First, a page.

JEL Code
F32 : International Economics→International Finance→Current Account Adjustment, Short-Term Capital Movements
F41 : International Economics→Macroeconomic Aspects of International Trade and Finance→Open Economy Macroeconomics
G21 : Financial Economics→Financial Institutions and Services→Banks, Depository Institutions, Micro Finance Institutions, Mortgages
G28 : Financial Economics→Financial Institutions and Services→Government Policy and Regulation
15 February 2013
WORKING PAPER SERIES - No. 1515
Details
Abstract
Using a novel panel data set we study the macroeconomic determinants of nonperforming loans (NPLs) across 75 countries during the past decade. According to our dynamic panel estimates, the following variables are found to significantly affect NPL ratios: real GDP growth, share prices, the exchange rate, and the lending interest rate. In the case of exchange rates, the direction of the effect depends on the extent of foreign exchange lending to unhedged borrowers which is particularly high in countries with pegged or managed exchange rates. In the case of share prices, the impact is found to be larger in countries which have a large stock market relative to GDP. These results are robust to alternative econometric specifications.
JEL Code
G21 : Financial Economics→Financial Institutions and Services→Banks, Depository Institutions, Micro Finance Institutions, Mortgages
G28 : Financial Economics→Financial Institutions and Services→Government Policy and Regulation
G32 : Financial Economics→Corporate Finance and Governance→Financing Policy, Financial Risk and Risk Management, Capital and Ownership Structure, Value of Firms, Goodwill
F34 : International Economics→International Finance→International Lending and Debt Problems
7 August 2015
WORKING PAPER SERIES - No. 1839
Details
Abstract
During the sovereign debt crisis investors rebalanced out of stressed and into non-stressed euro area countries, thereby contributing to the tensions in euro area financial markets. This paper examines the geographical pattern of this great rebalancing. Specifically, we test whether euro area and non-euro area investors adjusted their holdings of debt securities of euro area stressed and non-stressed countries dis-proportionately relative to benchmarks derived from a standard gravity model for portfolio choice. We find that non-euro area investors under-invested in stressed euro area countries, but did not over-invest in non-stressed euro area countries. As regards intra-euro area flows, we do not find evidence for a disproportionate slowdown of capital flows from non-stressed into stressed euro area countries. Instead, our results suggest that investors in stressed euro area countries disproportionately shifted capital into debt securities of non-stressed euro area countries. Finally, we find that both non-euro area investors' under-investment in stressed countries and stressed euro area investors' over-investment in non-stressed euro area countries ceased after the announcement of the ECB's OMT programme.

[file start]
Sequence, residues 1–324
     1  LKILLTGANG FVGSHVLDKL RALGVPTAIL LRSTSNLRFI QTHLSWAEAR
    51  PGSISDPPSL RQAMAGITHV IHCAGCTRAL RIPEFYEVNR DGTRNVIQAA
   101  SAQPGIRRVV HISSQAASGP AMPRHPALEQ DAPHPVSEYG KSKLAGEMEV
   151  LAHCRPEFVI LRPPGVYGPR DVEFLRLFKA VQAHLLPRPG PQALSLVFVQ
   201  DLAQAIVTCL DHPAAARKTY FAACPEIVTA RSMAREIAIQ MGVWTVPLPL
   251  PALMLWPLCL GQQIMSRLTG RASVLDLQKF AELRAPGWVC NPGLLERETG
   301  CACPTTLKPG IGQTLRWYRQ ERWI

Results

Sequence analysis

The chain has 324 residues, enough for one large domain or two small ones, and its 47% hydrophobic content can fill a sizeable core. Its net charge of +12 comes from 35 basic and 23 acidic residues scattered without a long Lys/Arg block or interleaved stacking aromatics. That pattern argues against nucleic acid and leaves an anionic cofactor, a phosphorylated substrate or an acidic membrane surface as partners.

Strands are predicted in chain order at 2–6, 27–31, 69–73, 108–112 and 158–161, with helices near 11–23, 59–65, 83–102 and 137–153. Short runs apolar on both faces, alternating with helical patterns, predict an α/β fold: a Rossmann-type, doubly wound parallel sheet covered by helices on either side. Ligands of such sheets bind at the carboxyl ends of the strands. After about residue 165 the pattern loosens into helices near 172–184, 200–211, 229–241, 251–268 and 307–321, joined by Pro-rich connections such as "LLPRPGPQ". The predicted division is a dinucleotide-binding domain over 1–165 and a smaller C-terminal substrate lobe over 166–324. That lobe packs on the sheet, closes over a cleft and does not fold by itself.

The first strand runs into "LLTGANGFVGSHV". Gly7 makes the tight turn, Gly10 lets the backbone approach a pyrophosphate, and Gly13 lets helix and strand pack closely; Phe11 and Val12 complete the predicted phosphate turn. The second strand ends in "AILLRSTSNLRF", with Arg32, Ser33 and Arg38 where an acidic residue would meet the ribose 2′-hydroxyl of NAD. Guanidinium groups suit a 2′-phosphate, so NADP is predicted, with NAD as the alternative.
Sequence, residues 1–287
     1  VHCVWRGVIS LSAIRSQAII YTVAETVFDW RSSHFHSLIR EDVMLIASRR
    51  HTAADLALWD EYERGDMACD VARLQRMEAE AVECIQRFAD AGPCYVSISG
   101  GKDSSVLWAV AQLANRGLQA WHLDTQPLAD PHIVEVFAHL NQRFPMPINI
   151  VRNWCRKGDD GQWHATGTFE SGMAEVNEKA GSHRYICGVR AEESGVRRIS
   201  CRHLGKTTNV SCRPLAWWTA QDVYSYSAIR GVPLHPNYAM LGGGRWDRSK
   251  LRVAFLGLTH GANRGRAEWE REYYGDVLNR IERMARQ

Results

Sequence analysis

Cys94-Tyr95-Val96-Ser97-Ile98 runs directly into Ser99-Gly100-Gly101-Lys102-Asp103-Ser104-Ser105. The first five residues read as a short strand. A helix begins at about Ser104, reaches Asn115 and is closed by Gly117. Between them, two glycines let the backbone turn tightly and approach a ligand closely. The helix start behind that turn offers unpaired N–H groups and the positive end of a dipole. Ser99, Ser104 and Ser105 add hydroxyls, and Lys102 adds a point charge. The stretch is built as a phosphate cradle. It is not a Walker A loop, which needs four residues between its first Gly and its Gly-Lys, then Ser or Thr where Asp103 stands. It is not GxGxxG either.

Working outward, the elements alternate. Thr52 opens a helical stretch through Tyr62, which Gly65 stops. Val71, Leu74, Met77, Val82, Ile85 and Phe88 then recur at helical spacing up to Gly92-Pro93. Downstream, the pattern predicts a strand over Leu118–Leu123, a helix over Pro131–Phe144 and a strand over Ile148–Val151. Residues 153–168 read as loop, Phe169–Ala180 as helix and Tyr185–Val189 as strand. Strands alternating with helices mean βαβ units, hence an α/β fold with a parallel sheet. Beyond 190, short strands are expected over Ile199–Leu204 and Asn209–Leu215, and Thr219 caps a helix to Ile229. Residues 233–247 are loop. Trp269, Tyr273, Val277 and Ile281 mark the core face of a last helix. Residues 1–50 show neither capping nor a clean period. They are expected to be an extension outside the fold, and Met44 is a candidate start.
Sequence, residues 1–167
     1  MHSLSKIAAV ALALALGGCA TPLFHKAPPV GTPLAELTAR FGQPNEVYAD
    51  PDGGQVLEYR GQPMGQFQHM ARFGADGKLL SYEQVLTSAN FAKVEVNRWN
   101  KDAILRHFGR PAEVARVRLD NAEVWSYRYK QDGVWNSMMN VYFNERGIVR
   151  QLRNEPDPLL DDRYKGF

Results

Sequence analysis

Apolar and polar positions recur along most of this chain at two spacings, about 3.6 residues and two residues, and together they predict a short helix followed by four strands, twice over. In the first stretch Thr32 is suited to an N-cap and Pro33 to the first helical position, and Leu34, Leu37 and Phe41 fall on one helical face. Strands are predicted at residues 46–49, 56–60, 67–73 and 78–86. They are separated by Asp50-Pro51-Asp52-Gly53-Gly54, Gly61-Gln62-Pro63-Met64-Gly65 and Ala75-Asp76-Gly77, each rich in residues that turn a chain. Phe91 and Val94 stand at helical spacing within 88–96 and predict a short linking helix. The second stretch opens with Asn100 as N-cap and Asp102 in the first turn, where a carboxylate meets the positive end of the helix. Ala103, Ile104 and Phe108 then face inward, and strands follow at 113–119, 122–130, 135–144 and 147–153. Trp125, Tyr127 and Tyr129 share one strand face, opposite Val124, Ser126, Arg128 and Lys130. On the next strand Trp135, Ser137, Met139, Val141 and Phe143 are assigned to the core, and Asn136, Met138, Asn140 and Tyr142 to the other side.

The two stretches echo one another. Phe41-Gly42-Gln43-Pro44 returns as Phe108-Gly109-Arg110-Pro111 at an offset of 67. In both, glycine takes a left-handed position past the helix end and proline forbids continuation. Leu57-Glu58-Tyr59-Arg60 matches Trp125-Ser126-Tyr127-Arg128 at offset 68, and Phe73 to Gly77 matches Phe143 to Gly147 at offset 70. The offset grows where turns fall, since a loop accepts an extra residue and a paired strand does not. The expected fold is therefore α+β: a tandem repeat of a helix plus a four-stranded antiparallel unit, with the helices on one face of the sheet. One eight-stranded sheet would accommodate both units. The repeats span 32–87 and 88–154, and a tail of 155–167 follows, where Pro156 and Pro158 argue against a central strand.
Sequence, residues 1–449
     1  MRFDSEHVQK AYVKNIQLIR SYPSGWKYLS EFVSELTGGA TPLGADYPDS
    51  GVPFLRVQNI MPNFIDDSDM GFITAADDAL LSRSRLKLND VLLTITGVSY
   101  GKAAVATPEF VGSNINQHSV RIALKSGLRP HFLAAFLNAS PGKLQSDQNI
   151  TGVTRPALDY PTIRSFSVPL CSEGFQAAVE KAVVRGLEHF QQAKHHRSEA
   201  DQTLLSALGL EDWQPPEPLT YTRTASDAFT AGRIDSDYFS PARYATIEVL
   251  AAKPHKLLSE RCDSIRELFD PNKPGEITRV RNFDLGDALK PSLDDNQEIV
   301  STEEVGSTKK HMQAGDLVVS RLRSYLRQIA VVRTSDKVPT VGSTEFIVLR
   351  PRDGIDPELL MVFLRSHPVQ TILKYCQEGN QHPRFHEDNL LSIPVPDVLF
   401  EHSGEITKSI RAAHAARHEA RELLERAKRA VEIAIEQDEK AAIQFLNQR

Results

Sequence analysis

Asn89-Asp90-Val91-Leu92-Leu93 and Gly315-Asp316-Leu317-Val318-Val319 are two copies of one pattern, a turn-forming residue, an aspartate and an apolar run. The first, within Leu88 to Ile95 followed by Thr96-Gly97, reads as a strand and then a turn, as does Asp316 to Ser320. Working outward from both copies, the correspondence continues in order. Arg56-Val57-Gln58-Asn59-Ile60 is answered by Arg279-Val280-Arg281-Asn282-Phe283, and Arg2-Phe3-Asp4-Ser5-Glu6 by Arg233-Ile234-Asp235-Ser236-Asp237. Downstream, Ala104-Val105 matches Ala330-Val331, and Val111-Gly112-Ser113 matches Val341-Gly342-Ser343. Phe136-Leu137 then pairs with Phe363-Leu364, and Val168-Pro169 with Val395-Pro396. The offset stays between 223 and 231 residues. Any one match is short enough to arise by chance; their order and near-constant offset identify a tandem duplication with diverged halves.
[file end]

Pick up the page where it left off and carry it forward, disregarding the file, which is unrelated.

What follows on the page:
JEL Code
F34 : International Economics→International Finance→International Lending and Debt Problems
F36 : International Economics→International Finance→Financial Aspects of Economic Integration
G15 : Financial Economics→General Financial Markets→International Financial Markets
23 September 2015
OCCASIONAL PAPER SERIES - No. 166
Details
Abstract
The decrease of financial integration both at the global and European level reflects, to a certain extent, a market response to the crisis. It might, however, also be partly driven by policies such as capital flow management measures (CFMs). In addition, several other measures taken by central banks, regulators and governments in response to the crisis may have had less obvious negative side effects on financial integration. Against this backdrop, this paper explores broad definitions of financial protectionism in order to raise awareness of the fact that the range of policies which could negatively affect financial integration may be much wider than residency-based CFMs. At the same time, the paper acknowledges that these measures have mostly been taken for legitimate financial stability purposes and with no protectionist intentions. The paper considers five categories of policy measures which could contribute to financial fragmentation both at the global and at the EU level: currency-based measures directed towards banks, geographic ring fencing, some financial repression policies, crisis resolution policies with a national bias, and some financial sector taxes.